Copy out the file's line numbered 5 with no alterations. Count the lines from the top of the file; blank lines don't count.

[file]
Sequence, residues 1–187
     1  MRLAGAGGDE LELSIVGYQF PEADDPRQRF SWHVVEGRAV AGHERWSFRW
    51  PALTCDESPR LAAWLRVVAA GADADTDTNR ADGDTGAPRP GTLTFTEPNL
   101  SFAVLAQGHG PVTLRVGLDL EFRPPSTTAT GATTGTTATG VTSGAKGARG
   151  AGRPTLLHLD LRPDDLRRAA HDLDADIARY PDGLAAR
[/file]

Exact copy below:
   151  AGRPTLLHLD LRPDDLRRAA HDLDADIARY PDGLAAR